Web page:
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Shinbinthalyaung Reclining Buddha

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Little Burmese capitalist

One of our favorite temples was Myauk Guni (North Guni). It wasn't marked on either of our two maps, but someone had left a map in the pocket of my eBike, and this place had been handwritten in. It's near Dhammayangyi Temple. We were there at about 3:00 for half an hour, and there were just a handful of other people around. You can climb this temple up a series of narrow interior stairways. The view from the top is superb!

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Myauk Guni

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Dhammayangyi Temple

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Temples, temples everywhere

On our way to the golden-domed Dhamma Ya Zi Ka Pagoda we'd been seeing in the distance all day, we got way off the beaten track and rode into a previous century through the tiny village of West Pwazaw, that looked like it was from the time of Marco Polo, who had passed through the Bagan area in its heyday. The sandy paths we were riding on were pretty sketchy on the eBikes, but at least it would have been a soft landing if we'd laid a bike over.

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Dhamma Ya Zi Ka Pagoda

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Beautiful blooms, Dhamma Ya Zi Ka Pagoda

Late in the afternoon, we started making our way back north across the plains toward Nyaung U. On our way, we spotted a really pretty white temple which caused us to turn around and stop. This was Lemyethna Pagoda, built in 1222.

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Lemyethna Temple

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Unrestored platform of Lemyethna Temple

Our last stop was Sinphyushin Temple in the Hsin Phyushin Monastic Complex. We happened on it by chance and pulled over when we spotted people at the top. We climbed up just before sunset for one of the best panoramas of the day.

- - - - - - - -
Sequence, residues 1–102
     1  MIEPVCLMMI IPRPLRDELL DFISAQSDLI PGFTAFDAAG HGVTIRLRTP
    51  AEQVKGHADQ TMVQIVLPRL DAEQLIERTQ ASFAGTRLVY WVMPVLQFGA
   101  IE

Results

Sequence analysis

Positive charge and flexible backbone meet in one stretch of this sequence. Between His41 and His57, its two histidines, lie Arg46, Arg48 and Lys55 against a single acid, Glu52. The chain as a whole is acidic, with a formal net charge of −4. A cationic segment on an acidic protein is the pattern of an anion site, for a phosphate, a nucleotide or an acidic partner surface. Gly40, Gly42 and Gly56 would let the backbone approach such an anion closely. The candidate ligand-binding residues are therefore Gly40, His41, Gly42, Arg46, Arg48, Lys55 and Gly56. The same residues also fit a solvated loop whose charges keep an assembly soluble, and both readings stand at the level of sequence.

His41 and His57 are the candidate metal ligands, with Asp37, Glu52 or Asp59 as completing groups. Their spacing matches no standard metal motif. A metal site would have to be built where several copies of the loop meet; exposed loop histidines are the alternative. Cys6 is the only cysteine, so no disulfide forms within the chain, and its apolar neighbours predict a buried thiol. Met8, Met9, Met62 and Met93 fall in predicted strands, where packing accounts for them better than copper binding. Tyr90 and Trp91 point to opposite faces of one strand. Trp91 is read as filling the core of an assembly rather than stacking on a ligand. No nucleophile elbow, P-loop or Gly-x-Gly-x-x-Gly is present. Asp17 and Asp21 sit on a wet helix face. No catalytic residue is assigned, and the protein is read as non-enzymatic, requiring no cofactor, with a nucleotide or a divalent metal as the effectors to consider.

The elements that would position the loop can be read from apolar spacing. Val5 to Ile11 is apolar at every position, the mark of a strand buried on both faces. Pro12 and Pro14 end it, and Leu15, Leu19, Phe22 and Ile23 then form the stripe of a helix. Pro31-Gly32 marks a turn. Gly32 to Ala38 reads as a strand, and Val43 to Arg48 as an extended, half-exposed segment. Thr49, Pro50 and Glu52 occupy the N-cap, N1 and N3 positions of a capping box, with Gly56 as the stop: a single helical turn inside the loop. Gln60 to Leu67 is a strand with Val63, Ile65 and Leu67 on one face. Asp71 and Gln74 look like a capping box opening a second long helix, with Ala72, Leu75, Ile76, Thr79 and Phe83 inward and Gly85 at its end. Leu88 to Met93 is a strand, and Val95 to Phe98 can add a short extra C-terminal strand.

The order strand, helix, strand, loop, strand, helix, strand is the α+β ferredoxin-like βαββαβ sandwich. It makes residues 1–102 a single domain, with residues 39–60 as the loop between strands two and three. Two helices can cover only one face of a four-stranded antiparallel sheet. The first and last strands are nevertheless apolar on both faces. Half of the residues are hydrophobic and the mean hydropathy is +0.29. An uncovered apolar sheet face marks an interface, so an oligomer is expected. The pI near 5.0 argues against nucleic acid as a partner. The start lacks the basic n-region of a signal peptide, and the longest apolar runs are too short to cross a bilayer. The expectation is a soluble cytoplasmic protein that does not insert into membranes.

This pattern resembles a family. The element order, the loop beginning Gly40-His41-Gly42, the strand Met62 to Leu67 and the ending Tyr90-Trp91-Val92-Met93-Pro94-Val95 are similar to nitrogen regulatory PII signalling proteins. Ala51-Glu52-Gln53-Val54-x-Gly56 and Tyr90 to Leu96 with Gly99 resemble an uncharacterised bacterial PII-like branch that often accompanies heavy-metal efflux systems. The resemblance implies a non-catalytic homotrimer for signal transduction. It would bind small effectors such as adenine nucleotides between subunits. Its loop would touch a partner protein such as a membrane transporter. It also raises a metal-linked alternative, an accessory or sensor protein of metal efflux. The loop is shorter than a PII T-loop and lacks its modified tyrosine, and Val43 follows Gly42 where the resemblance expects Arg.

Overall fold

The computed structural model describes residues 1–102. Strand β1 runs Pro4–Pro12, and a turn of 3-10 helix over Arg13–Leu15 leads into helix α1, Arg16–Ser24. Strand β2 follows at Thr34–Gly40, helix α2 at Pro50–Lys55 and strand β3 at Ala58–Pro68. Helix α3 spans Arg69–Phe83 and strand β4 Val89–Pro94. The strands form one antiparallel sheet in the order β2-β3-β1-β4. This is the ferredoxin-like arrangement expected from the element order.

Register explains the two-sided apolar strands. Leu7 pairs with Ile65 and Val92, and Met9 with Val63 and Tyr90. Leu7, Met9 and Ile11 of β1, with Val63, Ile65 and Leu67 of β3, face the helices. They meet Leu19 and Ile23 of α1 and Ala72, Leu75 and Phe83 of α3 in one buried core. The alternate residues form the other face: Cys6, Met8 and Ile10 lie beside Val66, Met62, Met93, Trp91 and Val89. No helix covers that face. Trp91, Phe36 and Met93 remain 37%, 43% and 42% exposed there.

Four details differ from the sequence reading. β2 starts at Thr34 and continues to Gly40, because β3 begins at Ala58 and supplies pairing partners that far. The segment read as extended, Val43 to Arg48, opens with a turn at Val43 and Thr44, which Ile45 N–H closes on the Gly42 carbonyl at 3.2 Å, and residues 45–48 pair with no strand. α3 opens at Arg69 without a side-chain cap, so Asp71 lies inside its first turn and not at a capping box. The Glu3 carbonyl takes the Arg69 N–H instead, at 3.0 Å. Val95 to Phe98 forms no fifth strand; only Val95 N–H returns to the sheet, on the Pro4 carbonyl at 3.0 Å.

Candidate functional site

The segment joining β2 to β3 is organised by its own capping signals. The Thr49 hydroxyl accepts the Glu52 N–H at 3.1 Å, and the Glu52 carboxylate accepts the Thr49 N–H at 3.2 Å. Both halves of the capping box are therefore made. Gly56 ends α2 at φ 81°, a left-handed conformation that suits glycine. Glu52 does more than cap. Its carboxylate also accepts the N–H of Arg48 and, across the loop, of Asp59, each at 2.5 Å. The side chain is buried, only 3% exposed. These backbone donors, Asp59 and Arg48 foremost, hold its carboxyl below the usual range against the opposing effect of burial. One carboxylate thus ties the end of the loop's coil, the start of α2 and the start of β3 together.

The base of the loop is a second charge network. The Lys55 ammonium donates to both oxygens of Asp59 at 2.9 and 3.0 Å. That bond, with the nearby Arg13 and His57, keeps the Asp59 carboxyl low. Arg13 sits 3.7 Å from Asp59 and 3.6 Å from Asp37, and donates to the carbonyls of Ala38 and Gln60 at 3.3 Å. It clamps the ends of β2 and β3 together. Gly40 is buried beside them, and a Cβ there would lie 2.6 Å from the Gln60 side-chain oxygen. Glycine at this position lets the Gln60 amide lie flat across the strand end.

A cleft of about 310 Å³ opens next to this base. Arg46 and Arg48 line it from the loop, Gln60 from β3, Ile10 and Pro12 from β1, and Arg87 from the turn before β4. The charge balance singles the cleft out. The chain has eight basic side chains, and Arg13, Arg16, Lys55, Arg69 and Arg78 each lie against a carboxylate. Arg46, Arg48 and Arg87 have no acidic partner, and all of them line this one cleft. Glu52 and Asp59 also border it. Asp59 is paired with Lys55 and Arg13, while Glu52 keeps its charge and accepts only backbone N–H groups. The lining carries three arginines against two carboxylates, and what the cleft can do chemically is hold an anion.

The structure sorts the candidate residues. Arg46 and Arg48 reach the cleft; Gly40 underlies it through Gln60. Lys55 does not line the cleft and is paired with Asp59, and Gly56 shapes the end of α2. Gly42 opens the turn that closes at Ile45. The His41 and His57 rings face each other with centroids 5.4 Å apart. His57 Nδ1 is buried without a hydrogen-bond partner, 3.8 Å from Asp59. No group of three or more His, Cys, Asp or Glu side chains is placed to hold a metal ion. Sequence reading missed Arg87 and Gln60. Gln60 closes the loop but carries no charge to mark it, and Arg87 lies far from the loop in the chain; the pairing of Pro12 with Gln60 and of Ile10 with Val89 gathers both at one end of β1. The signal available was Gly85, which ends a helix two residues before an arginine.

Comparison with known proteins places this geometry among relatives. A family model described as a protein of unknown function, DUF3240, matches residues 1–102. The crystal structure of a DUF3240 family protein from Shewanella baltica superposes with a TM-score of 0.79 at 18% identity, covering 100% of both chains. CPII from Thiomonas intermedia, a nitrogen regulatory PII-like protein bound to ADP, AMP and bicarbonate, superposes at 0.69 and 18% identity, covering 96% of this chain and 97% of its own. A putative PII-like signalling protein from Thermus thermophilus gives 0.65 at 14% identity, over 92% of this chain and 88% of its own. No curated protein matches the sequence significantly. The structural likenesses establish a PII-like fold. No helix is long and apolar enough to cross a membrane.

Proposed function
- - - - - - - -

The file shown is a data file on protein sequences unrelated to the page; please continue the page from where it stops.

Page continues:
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Bagan plain from Sinphyushin Temple

We didn't get back to the hotel until 6:45. It was pitch black outside by then, which made the trip back into the unfamiliar town in fairly heavy traffic very exciting on our little scooters. We were extremely filthy after today's excursion in the heat and sand, and I've rarely enjoyed a shower more than I did tonight. It was an incredible day in Bagan!

At the front desk, the manager arranged our bus tickets to Inle Lake, leaving tomorrow night. We should have booked the tickets yesterday on arrival, but we weren't yet sure when we'd be leaving Bagan, so we waited too long and couldn't get tickets on the “VIP” bus. After a few phone calls, we ended up with tickets on the “third best” bus. Tom asked if it was a good bus, and the manager's response was “not really.” Uh-oh.

We returned to San Kabar Restaurant tonight, but this time we ordered Burmese food. Tom had beef curry with plain rice, a carrot salad, and a tomato salad. I had beef curry with coconut rice, a tomato salad, and a cucumber salad. Of course, we also had a couple of 640 ml Myanmar-brand beers (the ever-present brand here). It was one of the best meals of the trip, for only 11,400 kyats (less than $10)!

Tonight we booked our next hotel, near Inle Lake in Nyaung Shwe, on Agoda.com, using my phone. It's hard to research hotels on a phone's small screen, so I chose the first place that looked decent. I'm sure it will be fine...


Continue to March 3, 2016